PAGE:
There are basically ** supervised and unsupervised** data mining algorithms.

**Supervised** : the training data set contains categories for which the outcome is indicated. The algorithms have to learn how to interpret the data to be able to predict the outcome. The quality of the model is judged by the percentage of instances where it’s prediction is correct. This Is mostly called classification.

**Unsupervised** : no categories are known. The algorithm has to do its best to create acceptable categories. The quality of the model is –more or less arbitrarily– judged by someone based on its usability. This Is mostly called clustering.

On of the typical family of classification algorithms are the decision trees. This is Classification, hence supervised.

So **how can we use a supervised algorithm to produce an unsupervised result **: categories/clusters out of nothing ?

This seems highly contradictory, but nevertheless, believe me, it is possible.

All you have to do is to give the algorithm a target that

- has nothing to do with the final clusters it will find
- but that nevertheless lead it one way or another to these clusters.

Let us start with any dataset, for example of customer data. No categories or clusters are defined. With this dataset a decision tree cannot do anything to find clusters, because you need to feed it some target category that is already known.

The trick is to add a second group of observations to the data set, and the target will be the indication whether the observation comes from the original or the second group of observations.

**How will this lead to clustering ?**

First of all, we need to focus on the very definition of clustering : finding density differences in a multivariate space.

We can accomplish this by to comparing the initial group of observations with an artificial group :

- with exactly the same variables
- with for each variable the same range (the same minimal and maximal value)
- but where the observations are perfectly evenly spaced (they come from a uniform distribution).

What will happen ?

Your decision tree algorithm will look for density differences between the original and the artificial homogeneous group of observations. Since there are by definition no density differences in our artificial group, it will find the regions with the highest and lowest densities in the original group of observations. QED : this is just what we wanted : the final leaves of our decision tree are the clusters we were looking for.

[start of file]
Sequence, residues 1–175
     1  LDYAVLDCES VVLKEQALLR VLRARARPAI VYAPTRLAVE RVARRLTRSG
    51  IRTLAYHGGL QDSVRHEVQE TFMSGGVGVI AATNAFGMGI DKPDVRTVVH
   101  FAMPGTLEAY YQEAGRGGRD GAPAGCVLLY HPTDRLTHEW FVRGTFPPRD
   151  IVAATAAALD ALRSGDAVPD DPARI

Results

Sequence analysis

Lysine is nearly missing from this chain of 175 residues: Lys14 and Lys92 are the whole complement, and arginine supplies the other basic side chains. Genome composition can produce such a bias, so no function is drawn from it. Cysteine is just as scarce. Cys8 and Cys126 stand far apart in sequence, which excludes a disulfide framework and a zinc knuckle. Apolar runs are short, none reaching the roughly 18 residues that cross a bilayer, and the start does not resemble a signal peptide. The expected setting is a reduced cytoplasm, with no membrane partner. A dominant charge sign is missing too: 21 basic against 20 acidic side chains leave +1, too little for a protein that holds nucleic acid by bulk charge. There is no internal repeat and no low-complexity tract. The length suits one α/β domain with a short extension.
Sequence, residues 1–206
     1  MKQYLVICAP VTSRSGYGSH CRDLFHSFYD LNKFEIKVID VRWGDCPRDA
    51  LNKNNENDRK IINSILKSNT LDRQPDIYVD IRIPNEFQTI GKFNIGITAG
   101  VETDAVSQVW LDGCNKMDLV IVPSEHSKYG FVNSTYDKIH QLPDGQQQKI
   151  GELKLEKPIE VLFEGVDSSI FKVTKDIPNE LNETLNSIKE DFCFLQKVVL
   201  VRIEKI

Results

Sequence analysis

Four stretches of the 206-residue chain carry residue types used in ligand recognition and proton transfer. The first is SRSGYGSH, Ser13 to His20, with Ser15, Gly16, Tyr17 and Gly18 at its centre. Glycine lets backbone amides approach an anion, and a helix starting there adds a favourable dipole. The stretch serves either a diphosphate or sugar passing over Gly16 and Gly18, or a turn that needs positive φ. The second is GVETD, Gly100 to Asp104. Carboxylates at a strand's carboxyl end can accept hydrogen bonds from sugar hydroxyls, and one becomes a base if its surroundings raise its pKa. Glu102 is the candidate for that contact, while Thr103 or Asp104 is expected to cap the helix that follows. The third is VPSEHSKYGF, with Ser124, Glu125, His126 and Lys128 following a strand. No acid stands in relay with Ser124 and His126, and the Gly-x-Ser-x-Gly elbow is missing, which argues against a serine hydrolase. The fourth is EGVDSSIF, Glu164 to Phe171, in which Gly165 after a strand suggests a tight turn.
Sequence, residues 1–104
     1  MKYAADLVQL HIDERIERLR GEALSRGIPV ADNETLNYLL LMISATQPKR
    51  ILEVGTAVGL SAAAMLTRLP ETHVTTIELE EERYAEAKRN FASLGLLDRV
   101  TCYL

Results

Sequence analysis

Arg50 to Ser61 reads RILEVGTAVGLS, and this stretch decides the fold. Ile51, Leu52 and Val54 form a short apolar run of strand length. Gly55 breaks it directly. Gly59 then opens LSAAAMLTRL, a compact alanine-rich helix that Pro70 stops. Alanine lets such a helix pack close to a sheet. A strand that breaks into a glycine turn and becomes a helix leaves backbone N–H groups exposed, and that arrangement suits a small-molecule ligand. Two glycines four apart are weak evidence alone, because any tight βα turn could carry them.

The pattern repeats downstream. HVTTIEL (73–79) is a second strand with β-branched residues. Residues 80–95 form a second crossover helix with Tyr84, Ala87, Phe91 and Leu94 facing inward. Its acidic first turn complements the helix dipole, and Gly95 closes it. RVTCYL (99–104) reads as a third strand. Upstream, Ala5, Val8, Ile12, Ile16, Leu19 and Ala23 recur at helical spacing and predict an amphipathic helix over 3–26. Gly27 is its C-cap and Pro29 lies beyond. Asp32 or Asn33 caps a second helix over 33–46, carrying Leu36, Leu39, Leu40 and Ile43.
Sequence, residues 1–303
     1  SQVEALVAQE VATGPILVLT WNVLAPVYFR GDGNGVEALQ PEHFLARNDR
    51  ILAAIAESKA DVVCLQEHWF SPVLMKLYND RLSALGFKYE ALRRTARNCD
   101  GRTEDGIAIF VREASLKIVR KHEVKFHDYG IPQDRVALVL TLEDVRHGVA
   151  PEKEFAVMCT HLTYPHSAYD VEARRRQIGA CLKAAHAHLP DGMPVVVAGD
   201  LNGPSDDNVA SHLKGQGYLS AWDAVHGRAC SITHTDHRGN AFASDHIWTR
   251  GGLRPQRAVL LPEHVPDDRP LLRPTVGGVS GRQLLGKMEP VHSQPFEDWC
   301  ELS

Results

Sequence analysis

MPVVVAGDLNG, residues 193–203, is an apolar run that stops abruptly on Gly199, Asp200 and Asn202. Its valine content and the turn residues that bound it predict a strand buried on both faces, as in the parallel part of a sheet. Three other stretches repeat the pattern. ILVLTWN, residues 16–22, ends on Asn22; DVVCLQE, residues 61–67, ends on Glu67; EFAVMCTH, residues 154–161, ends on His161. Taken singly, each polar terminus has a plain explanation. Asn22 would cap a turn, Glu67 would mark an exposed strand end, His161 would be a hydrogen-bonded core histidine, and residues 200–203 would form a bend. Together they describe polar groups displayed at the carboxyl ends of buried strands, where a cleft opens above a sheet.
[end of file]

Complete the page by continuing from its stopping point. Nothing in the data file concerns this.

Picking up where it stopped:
**One final remark **

This is by no means my own idea ! The first time I heard this was in Madrid in 2005 at the Salford Systems Data Mining conference. The approach by M. Golovnya was a bit different from the one I described above, but the whole idea was basically the same.

The second time was only recently, when I stumbled upon a paper by Bing Liu , Yiyuan Xia , and Philip S. Yu from 2000. They give a splendid description of the method.

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Because of problems with deployment as SQL (I found it too much work getting K-means running as SQL). I first built a K-means model on a small sample (100k customers) outside of the data warehouse, then tried to scale up to the full customer base. I had quite a bit of success building separate neural network models, each one predicting cluster allocation.

In my case I had 8 clusters, so I built 8 NN models, each predicting ‘0.0 No’ or ‘1.0 Yes’ with a cluster as my target. The 8 NN models were much easiler to implement as SQL and run on a datawarehouse (at the time using Clementine).

The results were promising, but I didn’t get perfect allocation. Most of the data was numeric, and I’ve found NN works well (compared to decision trees), but trees are equally as easy to implement as case statements if you wanted to deploy as SQL etc.

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TimMannson July 28, 2010at 6:17 am